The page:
The Winter season has gotten off to a great start if you are one of those individuals who enjoy getting out in the midst of it. The fresh powder has been ideal for snowmobiling, snowshoeing, and the ski slopes. If you are one of those outdoorsy people who prefer a more low-key approach to braving the great outdoors, cross-country skiing may be the right fit for your lifestyle. 

My experience in cross-country skiing began in my early 20s. It seemed like a laid-back way to enjoy the serene Michigan woodlands, without a bunch of people around. Athletics were not at the top of my skills list, and to attempt downhill skiing would have definitely lived up to its name.

It would have been a total downhill experience with a likely hospital admission in the mix.

The idea of leisurely sliding along a quiet snow-covered trail sounded much more appealing. And it proved to be so. The only slight mishap that struck, during a bitter-cold skiing hike, was when one of my contact lenses fluttered from my eyeball after the sub-zero temperatures shut down my tear ducts. The last thing I saw was half of my vision blurred and a flimsy, delicate lens disappearing among the glistening flakes of snow. But other than that, it was great being outside and taking in the Michigan landscape. However, I ended up moving to California for a few years, and when I returned to my Michigan homeland, I never returned to the trails. 

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One of the benefits of living in the Battle Creek/Kalamazoo area is the Fort Custer Recreation Area which offers 3,033 acres of outdoor opportunities. The state park features three lakes, the Kalamazoo River, a modern and equestrian campground, a swimming beach, more than 40 miles of trails, paddling and fishing opportunities, and much more.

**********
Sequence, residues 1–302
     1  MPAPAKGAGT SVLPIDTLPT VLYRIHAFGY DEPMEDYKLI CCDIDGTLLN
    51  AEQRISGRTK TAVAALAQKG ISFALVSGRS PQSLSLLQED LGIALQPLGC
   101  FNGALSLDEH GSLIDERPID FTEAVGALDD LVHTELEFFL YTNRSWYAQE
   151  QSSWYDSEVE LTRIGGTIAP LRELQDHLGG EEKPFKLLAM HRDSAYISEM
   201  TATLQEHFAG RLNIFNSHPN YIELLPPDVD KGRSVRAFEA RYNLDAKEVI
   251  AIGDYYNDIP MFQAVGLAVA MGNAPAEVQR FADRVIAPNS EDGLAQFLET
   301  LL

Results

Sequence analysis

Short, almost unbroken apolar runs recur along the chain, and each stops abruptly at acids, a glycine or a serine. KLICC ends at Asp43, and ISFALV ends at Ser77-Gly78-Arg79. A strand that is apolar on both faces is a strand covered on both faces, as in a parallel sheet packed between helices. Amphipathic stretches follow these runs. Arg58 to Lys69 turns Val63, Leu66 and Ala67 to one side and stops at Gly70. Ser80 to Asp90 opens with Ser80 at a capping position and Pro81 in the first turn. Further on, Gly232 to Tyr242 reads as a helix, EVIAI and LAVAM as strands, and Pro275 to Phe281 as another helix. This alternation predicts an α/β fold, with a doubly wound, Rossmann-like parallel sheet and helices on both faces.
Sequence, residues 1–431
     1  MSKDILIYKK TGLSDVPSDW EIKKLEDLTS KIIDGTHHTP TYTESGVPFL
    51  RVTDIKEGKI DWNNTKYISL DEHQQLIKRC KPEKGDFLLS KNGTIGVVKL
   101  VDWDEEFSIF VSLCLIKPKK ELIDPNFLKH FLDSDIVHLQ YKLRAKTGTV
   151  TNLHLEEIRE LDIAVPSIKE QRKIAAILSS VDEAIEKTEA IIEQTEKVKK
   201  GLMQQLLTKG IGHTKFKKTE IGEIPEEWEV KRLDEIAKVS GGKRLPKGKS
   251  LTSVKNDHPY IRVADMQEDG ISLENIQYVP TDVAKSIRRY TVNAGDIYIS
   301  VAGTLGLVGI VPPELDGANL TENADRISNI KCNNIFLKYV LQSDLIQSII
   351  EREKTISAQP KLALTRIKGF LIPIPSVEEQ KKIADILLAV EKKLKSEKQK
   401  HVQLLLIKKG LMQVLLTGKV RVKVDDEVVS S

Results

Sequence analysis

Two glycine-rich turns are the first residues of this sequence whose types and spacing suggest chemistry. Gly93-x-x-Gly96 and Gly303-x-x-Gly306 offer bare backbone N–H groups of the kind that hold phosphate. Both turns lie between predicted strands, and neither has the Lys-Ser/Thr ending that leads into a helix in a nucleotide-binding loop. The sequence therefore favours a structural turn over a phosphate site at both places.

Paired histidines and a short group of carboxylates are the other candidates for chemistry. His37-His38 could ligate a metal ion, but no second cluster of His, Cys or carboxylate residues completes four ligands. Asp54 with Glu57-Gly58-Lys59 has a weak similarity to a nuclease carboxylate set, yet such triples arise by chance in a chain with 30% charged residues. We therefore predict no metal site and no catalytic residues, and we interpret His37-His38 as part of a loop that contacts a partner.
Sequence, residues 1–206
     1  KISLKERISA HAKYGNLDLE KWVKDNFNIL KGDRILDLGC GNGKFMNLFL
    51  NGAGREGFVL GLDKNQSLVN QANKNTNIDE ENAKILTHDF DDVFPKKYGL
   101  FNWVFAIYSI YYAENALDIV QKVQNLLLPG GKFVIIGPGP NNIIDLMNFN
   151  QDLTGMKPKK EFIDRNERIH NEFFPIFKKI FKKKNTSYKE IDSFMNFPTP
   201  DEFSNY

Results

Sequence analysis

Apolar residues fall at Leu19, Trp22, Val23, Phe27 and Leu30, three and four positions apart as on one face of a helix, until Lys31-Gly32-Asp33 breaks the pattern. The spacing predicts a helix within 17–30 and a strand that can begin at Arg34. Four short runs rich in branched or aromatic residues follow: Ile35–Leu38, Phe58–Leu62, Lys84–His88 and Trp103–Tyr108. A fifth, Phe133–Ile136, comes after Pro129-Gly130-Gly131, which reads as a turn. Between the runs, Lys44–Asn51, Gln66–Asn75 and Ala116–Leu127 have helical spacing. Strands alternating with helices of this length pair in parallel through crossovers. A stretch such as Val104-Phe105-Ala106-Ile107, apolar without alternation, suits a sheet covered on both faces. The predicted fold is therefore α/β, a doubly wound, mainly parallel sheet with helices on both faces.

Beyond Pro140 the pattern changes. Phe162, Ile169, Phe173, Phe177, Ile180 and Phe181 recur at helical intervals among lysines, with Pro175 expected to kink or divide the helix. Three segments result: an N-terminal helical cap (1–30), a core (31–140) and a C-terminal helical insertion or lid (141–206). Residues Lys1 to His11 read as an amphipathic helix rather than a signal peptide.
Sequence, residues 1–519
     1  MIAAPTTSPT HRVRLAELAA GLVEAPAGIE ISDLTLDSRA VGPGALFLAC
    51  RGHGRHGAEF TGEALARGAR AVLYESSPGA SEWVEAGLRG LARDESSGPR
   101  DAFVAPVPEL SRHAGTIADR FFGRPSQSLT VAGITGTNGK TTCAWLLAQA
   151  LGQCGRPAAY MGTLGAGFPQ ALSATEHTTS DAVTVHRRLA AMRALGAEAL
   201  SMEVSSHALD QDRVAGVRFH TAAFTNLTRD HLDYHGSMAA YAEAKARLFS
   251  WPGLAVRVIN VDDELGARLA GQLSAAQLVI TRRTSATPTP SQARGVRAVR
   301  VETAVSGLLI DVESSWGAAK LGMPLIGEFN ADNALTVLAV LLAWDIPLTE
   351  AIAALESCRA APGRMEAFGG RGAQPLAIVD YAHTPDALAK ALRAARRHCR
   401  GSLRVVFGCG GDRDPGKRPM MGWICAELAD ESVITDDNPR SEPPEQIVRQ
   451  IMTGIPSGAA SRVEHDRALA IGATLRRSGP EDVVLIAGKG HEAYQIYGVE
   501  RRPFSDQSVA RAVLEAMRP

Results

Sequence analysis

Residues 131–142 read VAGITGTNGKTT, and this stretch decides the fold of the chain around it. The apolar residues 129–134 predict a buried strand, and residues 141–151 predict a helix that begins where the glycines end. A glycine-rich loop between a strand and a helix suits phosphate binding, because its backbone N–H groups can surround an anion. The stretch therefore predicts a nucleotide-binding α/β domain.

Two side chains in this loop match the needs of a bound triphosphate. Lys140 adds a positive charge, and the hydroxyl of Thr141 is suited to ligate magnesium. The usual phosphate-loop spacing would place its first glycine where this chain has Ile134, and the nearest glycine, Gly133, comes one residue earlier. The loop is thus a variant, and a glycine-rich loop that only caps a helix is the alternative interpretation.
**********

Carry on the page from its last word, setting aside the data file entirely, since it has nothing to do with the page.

When I was a kid, I lived about ½ mile from Fort Custer. It was a full-scale military reservation at the time and hadn’t yet been portioned out to the DNR. My buddy "Gopher" and I would often sneak over the fence of the restricted area and hike the long-abandoned roads and fields, avoiding the posted “live ammo” ranges that may have still contained unexploded rounds. The DNR acquired a portion of Fort Custer in 1971, as part of President Nixon’s administration's Legacy of Parks program. 

The Fort Custer Recreation Area is a Winter gem, and a Recreation Passport is all you need to make use of its resources. The pass is only $12 if you purchase it along with your license plate. It is $17 when purchased at a state park, by mail, kiosk, branch offices, or at (a $5 service fee is tacked onto the 12 bucks). Personally, I tried searching the Secretary of State website for a link to purchasing a passport, without a plate, and didn’t have any luck...but that may just be me.  

Listed below are descriptions of various trails that wind through the recreation area, including trail length and skill level. 

Fort Custer Recreation Area Trail Guide 

Blue Trail: The 4-mile Blue Trail is open to both horseback and mountain bike riders. It's considered moderately difficult. It circles Jackson and Whitford/Lawler lakes and winds past the park's cabins. The trail can be picked up at the Whitford Lake picnic area or accessed via the Red Trail. 

Yellow, Red & Green Trails- The Yellow, Red, and Green trails are open to mountain biking, hiking, running, hunting, bird watching and, weather permitting, cross-country skiing and snowshoeing. There is no horseback riding permitted on these trails. 

Yellow Trail: The 5-mile Yellow Trail is for beginner mountain bikers and families. Trail access is located in the campground. 

Red Trail: The 8.6-mile Red Trail includes more difficult sections, but also encompasses easier bypasses for less experienced bicyclists. The trail features a collection of winding hills accompanied by wooded sections that pass ponds and trenches. The trail can be accessed via the mountain bike trailhead. 

Green Trail: The 7-mile Green Trail includes some technical sections and travels past Eagle Lake and several other streams. The trail can be accessed via the mountain bike trailhead. 

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